In addition to the aforementioned insurgent and paramilitary threats, violent crime by common criminals is rampant in Colombia’s major cities and often carried out with impunity. Homicide levels are among the highest in the world, fueled by high unemployment, growing poverty, the ready availability of guns, and the growth of drug trafficking and organized crime. Unlike the guerrilla groups, the narcotics traffickers are more active in urban areas, spawning many homicides among competing groups. Criminal bands specializing in kidnapping, extortion, and robbery target businesses and civilians. Kidnapping exceeded a record 3,700 reported cases in 2000; guerrilla and paramilitary groups were responsible for about three-quarters of them. According to the Ministry of Defense, in 2006 the number of kidnapping cases totaled 249, compared with 376 in 2005. In addition to improved law enforcement, the decline resulted from the government’s offensive against the guerrillas and the demobilization of many paramilitaries. Approximately the same number of kidnappings (800) were reported in 2005. Guerrilla and paramilitary groups may still be responsible for more than two-thirds of kidnappings; organized crime, for about one-third. The most vulnerable targets are campesinos and local businessmen. The insurgency has left much of the Colombian countryside planted with guerrilla landmines, which killed 1,100 people in the year ending in June 2006, the highest landmine casualty rate in the world. Although most of the casualties are soldiers, 30 percent are civilians, almost all of them campesinos.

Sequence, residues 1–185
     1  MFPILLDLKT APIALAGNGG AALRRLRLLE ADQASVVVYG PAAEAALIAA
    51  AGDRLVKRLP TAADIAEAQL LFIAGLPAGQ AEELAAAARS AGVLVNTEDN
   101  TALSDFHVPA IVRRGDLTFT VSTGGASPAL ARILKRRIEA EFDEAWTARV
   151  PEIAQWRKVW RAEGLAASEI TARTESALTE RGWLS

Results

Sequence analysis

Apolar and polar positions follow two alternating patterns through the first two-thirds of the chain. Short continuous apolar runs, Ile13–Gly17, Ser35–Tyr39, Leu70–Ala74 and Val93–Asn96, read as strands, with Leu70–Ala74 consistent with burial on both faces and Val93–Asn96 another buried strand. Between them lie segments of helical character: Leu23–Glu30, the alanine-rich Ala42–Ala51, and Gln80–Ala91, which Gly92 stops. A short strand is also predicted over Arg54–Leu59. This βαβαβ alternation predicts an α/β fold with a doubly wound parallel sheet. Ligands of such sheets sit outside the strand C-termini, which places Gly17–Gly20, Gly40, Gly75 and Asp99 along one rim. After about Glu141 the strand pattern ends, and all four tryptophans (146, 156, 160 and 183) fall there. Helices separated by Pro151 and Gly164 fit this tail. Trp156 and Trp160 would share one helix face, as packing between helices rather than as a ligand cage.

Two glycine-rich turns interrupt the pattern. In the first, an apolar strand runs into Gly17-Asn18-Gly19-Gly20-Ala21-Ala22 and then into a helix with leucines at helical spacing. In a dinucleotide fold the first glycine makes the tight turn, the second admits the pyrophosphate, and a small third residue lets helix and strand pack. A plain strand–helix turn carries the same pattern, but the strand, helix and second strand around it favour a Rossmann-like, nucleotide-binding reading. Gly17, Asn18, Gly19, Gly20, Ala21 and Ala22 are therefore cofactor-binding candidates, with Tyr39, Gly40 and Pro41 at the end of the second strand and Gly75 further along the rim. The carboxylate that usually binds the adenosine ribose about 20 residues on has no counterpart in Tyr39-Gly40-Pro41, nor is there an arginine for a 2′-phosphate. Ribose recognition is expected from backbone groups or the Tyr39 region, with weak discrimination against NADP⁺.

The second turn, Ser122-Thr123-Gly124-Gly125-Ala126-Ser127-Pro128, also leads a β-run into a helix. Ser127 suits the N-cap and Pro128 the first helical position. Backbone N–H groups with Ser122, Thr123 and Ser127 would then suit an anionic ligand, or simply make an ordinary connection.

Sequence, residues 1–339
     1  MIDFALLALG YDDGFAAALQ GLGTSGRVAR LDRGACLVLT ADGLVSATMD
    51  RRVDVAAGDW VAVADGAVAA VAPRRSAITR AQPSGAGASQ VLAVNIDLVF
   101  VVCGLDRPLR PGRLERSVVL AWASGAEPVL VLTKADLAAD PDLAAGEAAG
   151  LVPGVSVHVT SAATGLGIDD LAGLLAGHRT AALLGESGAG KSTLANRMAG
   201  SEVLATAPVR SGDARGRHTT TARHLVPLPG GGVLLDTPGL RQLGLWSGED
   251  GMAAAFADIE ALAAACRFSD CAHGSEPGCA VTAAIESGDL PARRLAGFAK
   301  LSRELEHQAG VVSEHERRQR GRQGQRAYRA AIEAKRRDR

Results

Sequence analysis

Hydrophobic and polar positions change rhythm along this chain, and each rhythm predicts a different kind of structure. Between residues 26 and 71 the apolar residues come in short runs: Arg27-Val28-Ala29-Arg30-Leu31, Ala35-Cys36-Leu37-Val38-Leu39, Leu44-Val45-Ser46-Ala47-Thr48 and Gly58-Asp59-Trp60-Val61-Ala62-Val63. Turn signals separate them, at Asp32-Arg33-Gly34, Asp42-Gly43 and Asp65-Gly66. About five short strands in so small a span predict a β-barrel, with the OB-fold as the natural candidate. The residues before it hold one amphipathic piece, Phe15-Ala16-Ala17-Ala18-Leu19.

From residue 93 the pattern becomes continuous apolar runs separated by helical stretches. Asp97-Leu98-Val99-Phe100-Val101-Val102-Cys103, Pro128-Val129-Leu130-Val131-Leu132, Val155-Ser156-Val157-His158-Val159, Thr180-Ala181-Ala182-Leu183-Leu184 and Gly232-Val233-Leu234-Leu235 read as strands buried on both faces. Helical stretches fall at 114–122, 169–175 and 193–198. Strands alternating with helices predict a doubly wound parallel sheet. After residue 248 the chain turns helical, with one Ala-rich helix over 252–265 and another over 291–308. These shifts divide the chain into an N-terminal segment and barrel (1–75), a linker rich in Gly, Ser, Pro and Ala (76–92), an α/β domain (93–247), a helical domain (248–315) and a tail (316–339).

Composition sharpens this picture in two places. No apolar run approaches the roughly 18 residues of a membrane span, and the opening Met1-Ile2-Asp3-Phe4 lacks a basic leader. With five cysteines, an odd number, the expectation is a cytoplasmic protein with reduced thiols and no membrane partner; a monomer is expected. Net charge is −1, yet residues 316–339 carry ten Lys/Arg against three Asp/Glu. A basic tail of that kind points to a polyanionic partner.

After drug trafficking, the main illicit industries are contraband, forgery (principally of clothing, books, CDs, and audio- and video-cassettes), and, more recently, theft of gasoline. Contraband is a major industry. A significant amount of foreign exchange is believed to be from illegal trade in gold and emeralds, in addition to drugs. In 1999 the value of contraband in Colombia increased to US$2.2 billion, more than doubling in a decade. The amount accounted for about 25 percent of total imports and 50 percent of total exports. According to a study by the U.S. Treasury Department, Colombia and North Korea are the largest producers of counterfeit U.S. banknotes, and Colombia is also the number-one source of counterfeit money in the United States, accounting for about 15 percent of the 56.2 million counterfeit dollars in circulation in 2005.

Narcotics Production and Trafficking: Other than kidnapping and extortion, the principal activities of organized crime and the armed groups in Colombia are narcotics production and trafficking, mainly of cocaine and heroin, and these activities also have involved the guerrilla and paramilitary forces. Trafficking in processed cocaine and other illicit drugs accounts for more than US$5 billion a year and represents between 2.0 percent and 2.5 percent of gross domestic product a year. Only an estimated half of these illicit revenues return to Colombia. The Revolutionary Armed Forces of Colombia (Fuerzas Armadas Revolucionarias de Colombia—FARC) and the National Liberation Army (Ejército de Liberación Nacional—ELN) control all aspects of the drug trade in their areas of influence. For example, they levy taxes at all levels of the narcotics production chain. Since 2004 many Colombian drug traffickers have been joining or buying their way into the paramilitary militias in order to qualify for an immunity program.